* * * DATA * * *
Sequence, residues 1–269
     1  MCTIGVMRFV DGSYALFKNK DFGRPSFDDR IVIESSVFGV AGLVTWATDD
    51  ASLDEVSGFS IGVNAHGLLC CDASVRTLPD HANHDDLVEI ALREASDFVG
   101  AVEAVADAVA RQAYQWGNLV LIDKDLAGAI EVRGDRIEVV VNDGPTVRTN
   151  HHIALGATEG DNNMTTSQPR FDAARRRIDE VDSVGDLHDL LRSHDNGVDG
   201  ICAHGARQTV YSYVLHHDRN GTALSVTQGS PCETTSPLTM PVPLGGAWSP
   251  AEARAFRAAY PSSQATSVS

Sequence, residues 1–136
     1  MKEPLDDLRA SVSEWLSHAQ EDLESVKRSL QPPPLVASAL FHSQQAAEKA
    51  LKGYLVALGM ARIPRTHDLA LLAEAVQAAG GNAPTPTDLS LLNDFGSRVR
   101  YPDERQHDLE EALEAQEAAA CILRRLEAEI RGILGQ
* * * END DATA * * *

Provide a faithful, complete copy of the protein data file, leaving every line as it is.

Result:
Sequence, residues 1–269
     1  MCTIGVMRFV DGSYALFKNK DFGRPSFDDR IVIESSVFGV AGLVTWATDD
    51  ASLDEVSGFS IGVNAHGLLC CDASVRTLPD HANHDDLVEI ALREASDFVG
   101  AVEAVADAVA RQAYQWGNLV LIDKDLAGAI EVRGDRIEVV VNDGPTVRTN
   151  HHIALGATEG DNNMTTSQPR FDAARRRIDE VDSVGDLHDL LRSHDNGVDG
   201  ICAHGARQTV YSYVLHHDRN GTALSVTQGS PCETTSPLTM PVPLGGAWSP
   251  AEARAFRAAY PSSQATSVS

Sequence, residues 1–136
     1  MKEPLDDLRA SVSEWLSHAQ EDLESVKRSL QPPPLVASAL FHSQQAAEKA
    51  LKGYLVALGM ARIPRTHDLA LLAEAVQAAG GNAPTPTDLS LLNDFGSRVR
   101  YPDERQHDLE EALEAQEAAA CILRRLEAEI RGILGQ